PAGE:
Browsing by Subject "hydrology"

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  • Bhattacharjee, Joy; Rabbil, Mehedi; Fazel, Nasim; Darabi, Hamid; Choubin, Bahram; Khan, Md. Motiur Rahman; Marttila, Hannu; Haghighi, Ali Torabi (Elsevier, 2021)
    Science of the Total Environment 797 (2021), 149034
    Lake water level fluctuation is a function of hydro-meteorological components, namely input, and output to the system. The combination of these components from in-situ and remote sensing sources has been used in this study to define multiple scenarios, which are the major explanatory pathways to assess lake water levels. The goal is to analyze each scenario through the application of the water balance equation to simulate lake water levels. The largest lake in Iran, Lake Urmia, has been selected in this study as it needs a great deal of attention in terms of water management issues. We ran a monthly water balance simulation of nineteen scenarios for Lake Urmia from 2003 to 2007 by applying different combinations of data, including observed and remotely sensed water level, flow, evaporation, and rainfall. We used readily available water level data from Hydrosat, Hydroweb, and DAHITI platforms; evapotranspiration from MODIS and rainfall from TRMM. The analysis suggests that the consideration of field data in the algorithm as the initial water level can reproduce the fluctuation of Lake Urmia water level in the best way. The scenario that combines in-situ meteorological components is the closest match to the observed water level of Lake Urmia. Almost all scenarios showed good dynamics with the field water level, but we found that nine out of nineteen scenarios did not vary significantly in terms of dynamics. The results also reveal that, even without any field data, the proposed scenario, which consists entirely of remote sensing components, is capable of estimating water level fluctuation in a lake. The analysis also explains the necessity of using proper data sources to act on water regulations and managerial decisions to understand the temporal phenomenon not only for Lake Urmia but also for other lakes in semi-arid regions.
  • Shu, Song; Liu, Hongxing; Beck, Richard A.; Frappart, Frédéric; Korhonen, Johanna; Lan, Minxuan; Xu, Min; Yang, Bo; Huang, Yan (Copernicus Publications / European Geosciences Union, 2021)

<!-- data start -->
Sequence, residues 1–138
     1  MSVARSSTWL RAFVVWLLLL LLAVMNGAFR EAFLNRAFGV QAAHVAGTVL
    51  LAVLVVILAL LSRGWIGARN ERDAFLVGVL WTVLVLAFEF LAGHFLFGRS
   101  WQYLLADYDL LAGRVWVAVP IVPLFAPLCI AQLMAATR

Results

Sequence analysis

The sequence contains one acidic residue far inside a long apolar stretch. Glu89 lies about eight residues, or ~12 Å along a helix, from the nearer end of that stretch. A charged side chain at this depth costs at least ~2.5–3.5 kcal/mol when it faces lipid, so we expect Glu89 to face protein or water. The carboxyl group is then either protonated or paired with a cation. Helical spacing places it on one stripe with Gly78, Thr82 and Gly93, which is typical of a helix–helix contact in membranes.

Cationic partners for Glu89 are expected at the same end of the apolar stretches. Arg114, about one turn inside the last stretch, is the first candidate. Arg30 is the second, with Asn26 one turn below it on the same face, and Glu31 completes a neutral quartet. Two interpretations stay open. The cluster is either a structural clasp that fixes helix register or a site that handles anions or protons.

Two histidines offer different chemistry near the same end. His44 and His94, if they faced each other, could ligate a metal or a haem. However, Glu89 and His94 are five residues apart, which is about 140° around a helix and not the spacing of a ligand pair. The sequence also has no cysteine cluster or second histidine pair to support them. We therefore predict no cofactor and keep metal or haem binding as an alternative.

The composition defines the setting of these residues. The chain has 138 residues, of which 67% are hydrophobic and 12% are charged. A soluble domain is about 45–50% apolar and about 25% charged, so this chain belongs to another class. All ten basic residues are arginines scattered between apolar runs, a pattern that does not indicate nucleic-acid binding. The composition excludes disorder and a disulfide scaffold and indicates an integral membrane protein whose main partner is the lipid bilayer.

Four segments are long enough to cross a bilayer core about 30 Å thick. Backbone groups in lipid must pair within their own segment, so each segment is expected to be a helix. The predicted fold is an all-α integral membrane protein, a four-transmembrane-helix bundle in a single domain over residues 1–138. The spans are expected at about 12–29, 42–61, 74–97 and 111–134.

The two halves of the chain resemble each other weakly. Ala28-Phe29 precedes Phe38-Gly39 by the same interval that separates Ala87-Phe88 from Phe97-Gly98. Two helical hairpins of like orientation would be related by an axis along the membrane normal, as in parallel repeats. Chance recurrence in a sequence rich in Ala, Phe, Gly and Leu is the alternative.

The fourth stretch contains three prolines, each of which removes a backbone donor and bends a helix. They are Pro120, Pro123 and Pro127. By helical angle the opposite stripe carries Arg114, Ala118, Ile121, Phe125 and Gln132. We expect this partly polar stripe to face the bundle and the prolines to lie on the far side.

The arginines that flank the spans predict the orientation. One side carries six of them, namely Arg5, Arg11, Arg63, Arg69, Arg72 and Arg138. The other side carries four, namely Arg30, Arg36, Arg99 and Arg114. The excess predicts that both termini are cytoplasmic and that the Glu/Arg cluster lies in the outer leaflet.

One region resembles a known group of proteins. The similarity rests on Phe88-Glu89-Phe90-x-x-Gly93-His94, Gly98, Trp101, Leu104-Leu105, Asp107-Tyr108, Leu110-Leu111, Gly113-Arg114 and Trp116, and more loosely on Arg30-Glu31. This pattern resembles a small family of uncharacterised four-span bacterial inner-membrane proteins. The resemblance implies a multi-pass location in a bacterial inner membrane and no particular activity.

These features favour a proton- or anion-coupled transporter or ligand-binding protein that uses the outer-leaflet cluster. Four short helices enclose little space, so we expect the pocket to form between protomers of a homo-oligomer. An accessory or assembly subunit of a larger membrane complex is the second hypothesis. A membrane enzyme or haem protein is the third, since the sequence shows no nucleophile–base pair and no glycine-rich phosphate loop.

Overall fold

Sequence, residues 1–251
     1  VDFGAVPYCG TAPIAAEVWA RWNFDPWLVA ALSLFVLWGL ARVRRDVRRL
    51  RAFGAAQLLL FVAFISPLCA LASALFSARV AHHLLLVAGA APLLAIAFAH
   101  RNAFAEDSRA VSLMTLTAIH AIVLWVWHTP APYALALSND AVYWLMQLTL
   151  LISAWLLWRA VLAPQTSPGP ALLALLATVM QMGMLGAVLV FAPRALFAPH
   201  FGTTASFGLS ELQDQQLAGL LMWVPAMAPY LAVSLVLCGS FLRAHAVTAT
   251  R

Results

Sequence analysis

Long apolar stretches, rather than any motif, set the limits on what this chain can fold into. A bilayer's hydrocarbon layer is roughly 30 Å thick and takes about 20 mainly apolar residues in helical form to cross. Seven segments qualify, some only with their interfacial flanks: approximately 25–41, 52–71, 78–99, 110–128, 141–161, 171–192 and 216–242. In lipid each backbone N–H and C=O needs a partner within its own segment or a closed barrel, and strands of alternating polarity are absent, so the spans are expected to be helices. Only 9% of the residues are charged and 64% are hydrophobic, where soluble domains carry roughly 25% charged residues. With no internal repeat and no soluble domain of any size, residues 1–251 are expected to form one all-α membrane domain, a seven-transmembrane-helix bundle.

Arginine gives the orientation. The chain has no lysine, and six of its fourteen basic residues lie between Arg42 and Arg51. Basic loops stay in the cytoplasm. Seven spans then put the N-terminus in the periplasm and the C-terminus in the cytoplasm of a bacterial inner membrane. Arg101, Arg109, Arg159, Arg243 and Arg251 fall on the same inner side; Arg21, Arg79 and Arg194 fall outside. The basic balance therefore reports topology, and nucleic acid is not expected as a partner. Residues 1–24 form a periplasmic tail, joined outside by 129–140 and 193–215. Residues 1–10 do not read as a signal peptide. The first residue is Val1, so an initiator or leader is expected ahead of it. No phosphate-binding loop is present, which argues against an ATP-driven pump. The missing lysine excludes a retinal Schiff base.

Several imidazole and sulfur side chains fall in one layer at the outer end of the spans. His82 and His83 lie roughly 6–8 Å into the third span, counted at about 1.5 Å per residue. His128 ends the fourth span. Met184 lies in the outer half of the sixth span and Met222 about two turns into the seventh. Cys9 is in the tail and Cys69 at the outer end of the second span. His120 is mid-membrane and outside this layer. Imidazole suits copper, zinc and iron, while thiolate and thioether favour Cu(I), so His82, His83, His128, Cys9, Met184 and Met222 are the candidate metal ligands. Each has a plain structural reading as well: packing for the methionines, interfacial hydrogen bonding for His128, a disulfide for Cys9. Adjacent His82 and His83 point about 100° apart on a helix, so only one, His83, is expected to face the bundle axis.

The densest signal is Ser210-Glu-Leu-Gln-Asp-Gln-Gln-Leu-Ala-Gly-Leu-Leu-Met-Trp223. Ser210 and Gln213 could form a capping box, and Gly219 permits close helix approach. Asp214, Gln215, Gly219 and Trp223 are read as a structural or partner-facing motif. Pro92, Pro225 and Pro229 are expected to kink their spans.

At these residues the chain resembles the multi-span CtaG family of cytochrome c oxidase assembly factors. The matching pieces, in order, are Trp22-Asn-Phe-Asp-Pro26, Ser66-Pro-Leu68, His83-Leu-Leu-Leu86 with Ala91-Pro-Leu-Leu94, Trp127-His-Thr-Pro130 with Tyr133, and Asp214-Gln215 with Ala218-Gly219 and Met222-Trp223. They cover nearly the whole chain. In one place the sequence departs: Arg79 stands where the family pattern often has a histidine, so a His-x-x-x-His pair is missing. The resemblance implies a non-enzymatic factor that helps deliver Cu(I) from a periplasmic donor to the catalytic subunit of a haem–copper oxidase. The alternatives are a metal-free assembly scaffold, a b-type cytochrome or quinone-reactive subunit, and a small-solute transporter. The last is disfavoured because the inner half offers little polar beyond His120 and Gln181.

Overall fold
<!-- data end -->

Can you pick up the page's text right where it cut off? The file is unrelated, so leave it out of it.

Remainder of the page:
Hydrology and Earth System Sciences Discussions 25:3
    A total of 13 satellite missions have been launched since 1985, with different types of radar altimeters on board. This study intends to make a comprehensive evaluation of historic and currently operational satellite radar altimetry missions for lake water level retrieval over the same set of lakes and to develop a strategy for constructing consistent long-term water level records for inland lakes at global scale. The lake water level estimates produced by different retracking algorithms (retrackers) of the satellite missions were compared with the gauge measurements over 12 lakes in four countries. The performance of each retracker was assessed in terms of the data missing rate, the correlation coefficient r, the bias, and the root mean square error (RMSE) between the altimetry-derived lake water level estimates and the concurrent gauge measurements. The results show that the model-free retrackers (e.g., OCOG/Ice-1/Ice) outperform the model-based retrackers for most of the missions, particularly over small lakes. Among the satellite altimetry missions, Sentinel-3 gave the best results, followed by SARAL. ENVISAT has slightly better lake water level estimates than Jason-1 and Jason-2, but its data missing rate is higher. For small lakes, ERS-1 and ERS-2 missions provided more accurate lake water level estimates than the TOPEX/Poseidon mission. In contrast, for large lakes, TOPEX/Poseidon is a better option due to its lower data missing rate and shorter repeat cycle. GeoSat and GeoSat Follow-On (GFO) both have an extremely high data missing rate of lake water level estimates. Although several contemporary radar altimetry missions provide more accurate lake level estimates than GFO, GeoSat was the sole radar altimetry mission, between 1985 and 1990, that provided the lake water level estimates. With a full consideration of the performance and the operational duration, the best strategy for constructing long-term lake water level records should be a two-step bias correction and normalization procedure. In the first step, use Jason-2 as the initial reference to estimate the systematic biases with TOPEX/Poseidon, Jason-1, and Jason-3 and then normalize them to form a consistent TOPEX/Poseidon–Jason series. Then, use the TOPEX/Poseidon–Jason series as the reference to estimate and remove systematic biases with other radar altimetry missions to construct consistent long-term lake water level series for ungauged lakes.
  • Menberu, Meseret Walle; Marttila, Hannu; Ronkanen, Anna-Kaisa; Haghighi, Ali Torabi; Kløve, Bjørn (American Geophysical Union, 2021)
    Water Resources Research 57, e2020WR028624